By Fefie Dotsika, Senior Lecturer in Business Information Management, Westminster Business School
Can the adoption of social media benefit your business?
Most of us would not hesitate to say yes. And, if asked to identify potential benefits, many will mention marketing-related gains, such as exposure, brand awareness and discovery of new products and services. Others may mention benefits related to an organisation’s competitive intelligence and strategic decision making. But while most of us would probably agree about the impact of social media, very few would have a clear idea about how this impact can be measured, translated into actual revenue, and more to the point, return on investment (ROI).
How can we measure social media impact?
Despite the fact that various approaches have been proposed, the truth is that there is no tangible direct method measuring the effect of the adoption of social media. Existing methodologies are either application-specific or provide indicators that are not directly, or easily measurable.
Generally speaking, public relations and digital marketing are areas where the influence of social media is more or less well understood and easily measured. The same is not necessarily true in other application areas. Such counter-examples are the adoption of social media in customer relationship management (outwards), or their use as a tool for organisational content and knowledge management (inwards). In both cases the metrics that provide direct proof that social media improves ROI are rather elusive.
In order to overcome this difficulty and provide a comprehensive approach, we determine a number of indicators that influence organisational transformation and can provide tangible metrics. We substitute the role of the user/customer for the generalised term of consumer and group those indicators according to their effect and weight as follows:
Low impact indicators:
Low impact metrics address the visibility aspect of social media. There are two types of visibility: potential and actual.
- Potential visibility corresponds to an in-depth online market analysis which measures and analyses similar products and services offered by competitors, relevant trends and the noise they generate. There is no actual consumer commitment and no necessary web presence. Potential visibility can be measured using the off-site web analytics method.
- Actual visibility corresponds to consumer traffic, that is to say, the measurement and analysis of casual or frequent visitors, readers, followers and subscribers. As with potential visibility, consumer commitment is low. Search Engine Optimisation (SEO) is the method used to improve the actual visibility of a website. The idea behind it is that the higher and more frequently a site appears in the search results list, the higher its visibility is. The method used to measure actual visibility is on-site web analytics, a group of metrics used to monitor web site usage in order to understand and optimise its performance in a commercial context.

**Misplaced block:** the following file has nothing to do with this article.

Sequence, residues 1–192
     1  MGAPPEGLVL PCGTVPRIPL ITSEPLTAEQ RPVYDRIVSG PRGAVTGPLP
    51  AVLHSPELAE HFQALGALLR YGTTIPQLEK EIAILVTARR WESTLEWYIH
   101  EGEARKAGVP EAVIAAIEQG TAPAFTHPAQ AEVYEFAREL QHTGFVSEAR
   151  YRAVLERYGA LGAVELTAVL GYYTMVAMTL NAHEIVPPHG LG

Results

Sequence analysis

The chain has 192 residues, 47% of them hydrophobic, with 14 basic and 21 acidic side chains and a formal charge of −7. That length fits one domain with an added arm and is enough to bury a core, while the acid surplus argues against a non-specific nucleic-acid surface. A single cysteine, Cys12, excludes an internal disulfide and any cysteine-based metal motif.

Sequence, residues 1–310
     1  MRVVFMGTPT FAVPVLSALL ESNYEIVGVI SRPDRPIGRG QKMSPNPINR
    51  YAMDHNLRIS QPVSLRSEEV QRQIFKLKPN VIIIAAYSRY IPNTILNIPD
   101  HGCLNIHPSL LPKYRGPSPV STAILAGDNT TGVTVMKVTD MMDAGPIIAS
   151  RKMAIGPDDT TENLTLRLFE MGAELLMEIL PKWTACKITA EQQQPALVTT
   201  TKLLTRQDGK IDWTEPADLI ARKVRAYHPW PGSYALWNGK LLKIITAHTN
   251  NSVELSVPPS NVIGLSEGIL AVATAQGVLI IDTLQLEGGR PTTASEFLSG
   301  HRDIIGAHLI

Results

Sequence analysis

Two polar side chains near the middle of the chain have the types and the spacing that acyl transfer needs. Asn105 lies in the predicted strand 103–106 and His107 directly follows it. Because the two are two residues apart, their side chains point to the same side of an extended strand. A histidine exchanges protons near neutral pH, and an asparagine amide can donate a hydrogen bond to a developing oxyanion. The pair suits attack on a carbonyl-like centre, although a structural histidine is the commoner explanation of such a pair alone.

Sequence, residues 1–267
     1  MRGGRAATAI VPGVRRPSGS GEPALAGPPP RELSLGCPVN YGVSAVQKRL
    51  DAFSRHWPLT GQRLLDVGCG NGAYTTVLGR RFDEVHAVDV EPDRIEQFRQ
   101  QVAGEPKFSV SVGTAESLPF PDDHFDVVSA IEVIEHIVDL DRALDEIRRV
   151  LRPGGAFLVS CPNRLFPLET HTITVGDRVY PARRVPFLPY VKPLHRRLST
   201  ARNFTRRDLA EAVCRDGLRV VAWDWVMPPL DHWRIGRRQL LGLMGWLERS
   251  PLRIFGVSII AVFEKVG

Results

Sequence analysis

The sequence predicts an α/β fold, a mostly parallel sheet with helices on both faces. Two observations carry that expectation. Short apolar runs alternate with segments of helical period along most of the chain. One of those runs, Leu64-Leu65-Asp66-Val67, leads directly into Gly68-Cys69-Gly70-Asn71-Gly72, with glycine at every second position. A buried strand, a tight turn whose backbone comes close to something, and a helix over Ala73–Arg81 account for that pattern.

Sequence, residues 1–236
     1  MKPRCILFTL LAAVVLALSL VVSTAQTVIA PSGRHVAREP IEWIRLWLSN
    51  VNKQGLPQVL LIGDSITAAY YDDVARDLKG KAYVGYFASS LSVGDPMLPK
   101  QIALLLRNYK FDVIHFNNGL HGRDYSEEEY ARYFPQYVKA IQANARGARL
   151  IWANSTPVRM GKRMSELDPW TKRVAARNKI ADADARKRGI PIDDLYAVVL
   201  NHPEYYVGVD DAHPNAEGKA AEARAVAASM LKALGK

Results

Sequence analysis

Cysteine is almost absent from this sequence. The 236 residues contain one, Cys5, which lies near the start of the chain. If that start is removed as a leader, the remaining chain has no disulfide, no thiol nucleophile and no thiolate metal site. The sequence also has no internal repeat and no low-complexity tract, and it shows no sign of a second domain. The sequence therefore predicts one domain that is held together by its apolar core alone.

Medium impact indicators:
Medium impact metrics address consumer engagement and retention. There are various aspects involved that address consumer attitude and standpoint. We can divide them into two sub-groups:
- Reaction/ interaction
The consumers approve (or disapprove) of the content and react by rating it accordingly, or sharing it (email, twitter, wall posts etc.). The method used for the measurement of this indicator is on-site web analytics.
- Participation and influence
Often overlapping with the previous group, participation occurs when the audience reacts by creating new content (comments, reviews, forum contributions etc.). Content analysis is the technique used to measure participation. Traditionally a tool for measuring success in public and media relations, it is increasingly used as an element of social media evaluation and analysis.
High impact indicators:
The last category corresponds to directly measurable business outcomes and performance. The methodology followed is based on key performance indicators (KPIs), is organisation-specific and requires a setup that establishes a foundation that predates social media adoption. The baseline should identify the KPIs that will be monitored and list their initial values. A timeline of activities should be determined, against which the KPIs will be appraised. Providing that the performance indicators are well chosen, ROI can be calculated by measuring the results and comparing them with set goals.
A good example is the frequency-reach-yield (FRY) method used in evaluating social media campaigns. The parameters are straight-forward: frequency refers to sales, reach to consumer spread and yield to the profit made. They are measured before and after the campaign, and assuming that all other parameters affecting sales are kept constant, ROI can be established.
The moral of the story?
Social media may be seen as a set of tools and tactics that can benefit a business through exposure, engagement, participation and bottom up development. However, it is not a silver bullet. Its impact can be difficult to measure, if the organisation is not willing to adopt a social media plan, followed by a suitable evaluation method. For this, the company ought to invest in:
• identifying targets
• educating and training users
• administering access controls
• and regularly reviewing practices and procedures.
Unless business objectives are linked to performance indicators which, in turn, can be translated into appropriate metrics, the adoption of social media may prove to be unsustainable.